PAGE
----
After several attempts to put a hard serve past Ken Rosewall in the third set, frustrated Roy Emerson decided the only thing left was to tap in a serve.

Rosewall returned it into the net.

It was one of the few mistakes Rosewall made in the final two sets, as he improved his serve and ran Emerson along the base line in winning his E.F. Hutton Champions semifinal match, 2-6, 6-1, 6-1, last night at George Washington University's Smith Center.

Rosewall, 52, a main attraction on the Grand Masters tennis circuit, will play the winner of today's Rod Laver-Fred Stolle match in Monday's final.

In other matches, Stolle beat Neale Fraser, 4-6, 6-4, 7-5, in the men's quarterfinals and Kerry Melville-Reid won a women's semifinal over Valerie Ziegenfuss, 7-5, 4-6, 6-4. In the women's doubles final, Virginia Wade and Melville-Reid defeated Laura DuPont and Ziegenfuss, 4-6, 6-1, 6-4. Stolle-Emerson beat Fraser-Ramanathan Krishnan, 6-2, 6-2, in a men's doubles semifinal. Emerson-Wade beat Fraser-DuPont, 6-1, 6-3, in a mixed doubles semifinal.

Melville-Reid plays Wade in the women's final, at 1 p.m. today. Then Emerson-Wade meet Rosewall-Melville-Reid for the mixed doubles title.

Rosewall appeared frustrated in the first set, and at one point intentionally hit a playable ball long. "To be honest," said Rosewall. "I'd been serving so poorly, the way I hit it, I thought I had double faulted."

In the final game of the set, Emerson won every point when Rosewall couldn't return his serve, and he took the set, 6-2. "I was just getting myself upset because I wasn't getting the serve in," said Rosewall.

Emerson, 48, who had finished a doubles match an hour before he played Rosewall, couldn't get his powerful serve going in the final two sets. He also seemed tired at times on base-line shots, hitting many long.

"He just played too good," said Emerson. "He was missing a few and gave me a few shots in the first set. He didn't give me any in the second and third."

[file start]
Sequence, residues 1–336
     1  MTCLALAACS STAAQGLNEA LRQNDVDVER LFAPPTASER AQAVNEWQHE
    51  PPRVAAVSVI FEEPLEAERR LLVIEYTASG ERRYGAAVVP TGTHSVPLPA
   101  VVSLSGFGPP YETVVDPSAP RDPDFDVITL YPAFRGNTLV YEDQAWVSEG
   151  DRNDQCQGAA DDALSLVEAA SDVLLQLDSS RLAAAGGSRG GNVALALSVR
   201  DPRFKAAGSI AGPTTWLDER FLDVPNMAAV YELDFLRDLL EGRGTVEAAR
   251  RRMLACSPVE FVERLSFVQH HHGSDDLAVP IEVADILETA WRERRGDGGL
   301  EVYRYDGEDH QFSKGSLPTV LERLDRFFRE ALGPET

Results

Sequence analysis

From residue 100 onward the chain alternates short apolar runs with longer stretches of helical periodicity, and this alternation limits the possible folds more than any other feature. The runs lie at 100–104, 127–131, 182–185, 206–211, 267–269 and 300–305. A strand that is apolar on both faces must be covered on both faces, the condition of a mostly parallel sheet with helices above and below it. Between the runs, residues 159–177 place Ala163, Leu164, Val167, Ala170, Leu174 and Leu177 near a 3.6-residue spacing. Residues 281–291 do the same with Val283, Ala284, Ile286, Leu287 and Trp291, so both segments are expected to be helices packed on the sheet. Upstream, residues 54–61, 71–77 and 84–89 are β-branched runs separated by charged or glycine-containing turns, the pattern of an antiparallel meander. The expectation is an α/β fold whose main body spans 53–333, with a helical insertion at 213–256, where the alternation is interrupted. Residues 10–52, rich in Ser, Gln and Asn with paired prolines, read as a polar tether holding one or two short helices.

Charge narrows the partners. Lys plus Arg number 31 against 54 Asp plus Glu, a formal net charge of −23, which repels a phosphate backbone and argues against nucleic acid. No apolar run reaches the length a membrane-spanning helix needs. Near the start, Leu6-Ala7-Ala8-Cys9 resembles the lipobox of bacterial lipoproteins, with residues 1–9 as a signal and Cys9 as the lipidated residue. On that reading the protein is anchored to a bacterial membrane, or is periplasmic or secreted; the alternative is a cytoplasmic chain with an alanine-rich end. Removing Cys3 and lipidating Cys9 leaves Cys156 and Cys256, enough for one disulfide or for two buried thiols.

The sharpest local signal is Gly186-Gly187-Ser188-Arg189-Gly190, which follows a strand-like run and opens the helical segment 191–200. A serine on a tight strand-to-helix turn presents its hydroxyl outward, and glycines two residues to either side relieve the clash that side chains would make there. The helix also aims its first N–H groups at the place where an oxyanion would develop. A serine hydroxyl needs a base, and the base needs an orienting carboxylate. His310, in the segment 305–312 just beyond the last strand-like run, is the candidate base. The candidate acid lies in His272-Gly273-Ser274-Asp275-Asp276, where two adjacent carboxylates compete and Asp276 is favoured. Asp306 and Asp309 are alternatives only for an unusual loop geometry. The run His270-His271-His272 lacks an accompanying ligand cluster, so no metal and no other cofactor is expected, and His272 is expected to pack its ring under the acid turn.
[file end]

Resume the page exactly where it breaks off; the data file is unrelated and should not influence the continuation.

Rosewall broke serve for a 2-0 lead in the second set and put away an overhead at 40-0 to lead, 4-1. He broke Emerson's serve in the next game and won the set when he got a forehand volley winner at deuce and Emerson hit a backhand long.

Before Emerson knew it, he was down, 5-0, in the third set. Rosewall then returned two of his hard serves for winners to take a 30-0 lead. Frustrated, Emerson tapped the next serve, which Rosewall netted, then smiled.

"The harder I got a serve in, the harder he returned it," said Emerson. "So I decided to pippy the thing."

Emerson took Rosewall to deuce in the sixth game but hit two shots out and Rosewall had the match.

"After the first set, I knew I would have to concentrate," said Rosewall. "I did everything better. I returned Roy's serve better and I didn't make any mistakes."

"He put a lot of pressure on me the last two sets," said Emerson. "I couldn't make a good shot at the right time."

After Stolle, 47, won the second set of his match, Fraser broke serve at 1-1 and took a 3-1 lead with a game-winning ace. Stolle then won three straight games and broke serve to win the match. "Two hours of covering the court by yourself . . . " Fraser, 52, sighed. "The longer the match went, [the more] he was lobbing here, dropping there."